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A New Retail Twist On Copyright Defenses

July 24th, 2013

This is similar to problems many retailers face with entities like Yelp, Angie’s List, or other consumer rating services. It is almost impossible to get bad reviews removed, even if the reviews are false and defamatory. The Ripoff report is worse because, at least according to the lawsuit, the Corporate Advocacy Program is little more than an extortion attempt. At least that’s what they claim.

But the Ripoff Report is protected by the CDA and has immunity. So what does Attorney Goren do when the report posts information that he “routinely seizes assets from the elderly” and “routinely perjures himself to State authorities” and “has serious problems coping with his own sexuality, .. violent temper,… [and] addiction to illicit substances…”? The person posting these materials went by the handle “Arabiannights” and, of course, couldn’t be reached by Goren. But the Ripoff report refused, under the CDA, to remove the offending materials. The trick? Turn the offending materials into a copyright infringement.

What Goren apparently did was to sue “Arabiannights” in a “John Doe” lawsuit, and seek as a remedy assignment to the copyright of the “Goren has problems coping with his sexuality” posting. Of course, Arabiannights never showed up in court, and Goren gets a default judgment against him (or her.) Then, armed with the copyright in the offending posting, Goren sues under the DMCA to get Arabiannights to remove the offending materials as a copyright infringement. Guess what else? No need to prove actual damages or harm to reputation. It gets you into federal court, too. And, if you register the copyright, you can get statutory damages. The miracles of copyright law and copyright lobbyists.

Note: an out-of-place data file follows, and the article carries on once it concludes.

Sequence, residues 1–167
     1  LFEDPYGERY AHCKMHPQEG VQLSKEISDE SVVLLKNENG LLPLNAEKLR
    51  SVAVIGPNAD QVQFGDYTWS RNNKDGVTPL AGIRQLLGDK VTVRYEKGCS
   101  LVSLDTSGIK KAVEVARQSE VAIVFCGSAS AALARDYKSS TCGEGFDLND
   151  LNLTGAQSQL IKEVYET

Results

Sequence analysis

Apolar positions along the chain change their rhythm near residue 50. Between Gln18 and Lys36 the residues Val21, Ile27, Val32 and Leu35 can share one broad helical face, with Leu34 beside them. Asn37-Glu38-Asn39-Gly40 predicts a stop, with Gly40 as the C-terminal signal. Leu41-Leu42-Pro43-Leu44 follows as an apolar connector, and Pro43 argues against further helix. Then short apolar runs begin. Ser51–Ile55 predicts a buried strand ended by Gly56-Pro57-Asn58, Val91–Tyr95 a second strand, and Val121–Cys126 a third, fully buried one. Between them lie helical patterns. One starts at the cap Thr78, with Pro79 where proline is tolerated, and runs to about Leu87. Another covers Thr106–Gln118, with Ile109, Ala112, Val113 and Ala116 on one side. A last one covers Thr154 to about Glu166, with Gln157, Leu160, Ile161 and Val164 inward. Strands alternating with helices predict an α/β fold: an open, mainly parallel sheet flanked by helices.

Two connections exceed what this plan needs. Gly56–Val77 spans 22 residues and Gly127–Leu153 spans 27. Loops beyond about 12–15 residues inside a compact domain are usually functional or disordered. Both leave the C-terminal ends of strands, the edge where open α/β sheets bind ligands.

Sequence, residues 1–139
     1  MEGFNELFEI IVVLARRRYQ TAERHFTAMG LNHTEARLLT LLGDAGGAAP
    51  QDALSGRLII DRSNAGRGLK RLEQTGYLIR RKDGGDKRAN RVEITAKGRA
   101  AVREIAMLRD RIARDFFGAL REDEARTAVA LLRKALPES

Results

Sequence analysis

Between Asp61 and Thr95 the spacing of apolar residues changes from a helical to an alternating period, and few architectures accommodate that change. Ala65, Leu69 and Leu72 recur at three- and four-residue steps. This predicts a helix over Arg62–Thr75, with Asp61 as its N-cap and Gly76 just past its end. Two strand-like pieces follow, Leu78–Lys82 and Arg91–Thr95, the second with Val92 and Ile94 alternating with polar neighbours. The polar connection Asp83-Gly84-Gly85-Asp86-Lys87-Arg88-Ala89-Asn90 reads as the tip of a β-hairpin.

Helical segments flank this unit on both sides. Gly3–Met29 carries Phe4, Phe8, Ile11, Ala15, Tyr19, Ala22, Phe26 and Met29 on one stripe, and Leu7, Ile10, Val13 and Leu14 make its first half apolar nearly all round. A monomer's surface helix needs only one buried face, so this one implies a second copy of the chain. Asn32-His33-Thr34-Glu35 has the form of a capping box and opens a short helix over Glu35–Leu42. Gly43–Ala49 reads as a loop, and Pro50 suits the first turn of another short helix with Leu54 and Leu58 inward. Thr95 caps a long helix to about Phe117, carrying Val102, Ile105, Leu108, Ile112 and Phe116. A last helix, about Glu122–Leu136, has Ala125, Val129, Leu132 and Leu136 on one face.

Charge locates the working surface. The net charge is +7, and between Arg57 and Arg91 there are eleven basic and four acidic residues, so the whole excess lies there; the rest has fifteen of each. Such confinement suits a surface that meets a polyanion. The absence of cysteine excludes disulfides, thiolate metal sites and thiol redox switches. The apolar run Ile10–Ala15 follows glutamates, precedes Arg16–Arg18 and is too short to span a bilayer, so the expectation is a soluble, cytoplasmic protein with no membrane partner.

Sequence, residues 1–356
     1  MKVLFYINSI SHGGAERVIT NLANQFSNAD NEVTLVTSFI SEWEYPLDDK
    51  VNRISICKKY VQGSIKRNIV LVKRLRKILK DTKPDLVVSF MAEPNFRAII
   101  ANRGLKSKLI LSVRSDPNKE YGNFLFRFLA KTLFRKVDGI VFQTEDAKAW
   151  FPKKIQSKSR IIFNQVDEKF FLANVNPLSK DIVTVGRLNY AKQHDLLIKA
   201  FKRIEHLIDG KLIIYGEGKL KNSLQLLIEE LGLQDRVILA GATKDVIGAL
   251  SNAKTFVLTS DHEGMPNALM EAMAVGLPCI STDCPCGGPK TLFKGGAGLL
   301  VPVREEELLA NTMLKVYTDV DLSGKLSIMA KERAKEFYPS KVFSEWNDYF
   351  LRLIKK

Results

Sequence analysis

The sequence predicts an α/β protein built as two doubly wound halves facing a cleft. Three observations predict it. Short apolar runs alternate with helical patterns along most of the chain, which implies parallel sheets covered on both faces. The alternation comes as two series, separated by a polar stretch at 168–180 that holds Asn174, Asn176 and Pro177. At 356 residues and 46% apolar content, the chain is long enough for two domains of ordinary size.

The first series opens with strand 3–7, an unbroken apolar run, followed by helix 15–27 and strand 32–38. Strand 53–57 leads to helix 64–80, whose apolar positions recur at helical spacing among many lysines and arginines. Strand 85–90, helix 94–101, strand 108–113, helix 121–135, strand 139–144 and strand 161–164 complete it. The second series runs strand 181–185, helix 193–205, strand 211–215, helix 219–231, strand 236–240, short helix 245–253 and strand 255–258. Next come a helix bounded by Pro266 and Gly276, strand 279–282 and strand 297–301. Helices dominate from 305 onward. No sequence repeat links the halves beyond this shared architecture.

There is no guarantee that the strategy will be successful. Ripoff Report could argue that Arabiannights assigned all or part of the copyright to them when he or she posted it, and therefore Goren obtained the copyright subject to the express or implied license. But you gotta give them credit for trying. In fact, suing in state court to get “assignment” of a copyright is not only novel, but may violate federal law.

Federal copyright law, 17 USC 201(e) essentially says that “no action by any governmental body … purporting to seize, expropriate, transfer, or exercise rights of ownership with respect to the copyright, or any of the exclusive rights under a copyright, shall be given effect under this title.” What that means is that the state court’s seizing of the poster’s copyrighted defamatory posting probably was ineffective, and so when Goren asserts

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that he is the “owner” of the copyright (for the purposes of the DMCA) he is probably committing perjury. Add that to the list of things on the Ripoff Report.

If you disagree with me, I’ll see you in court, buddy. If you agree with me, however, I would love to hear from you.


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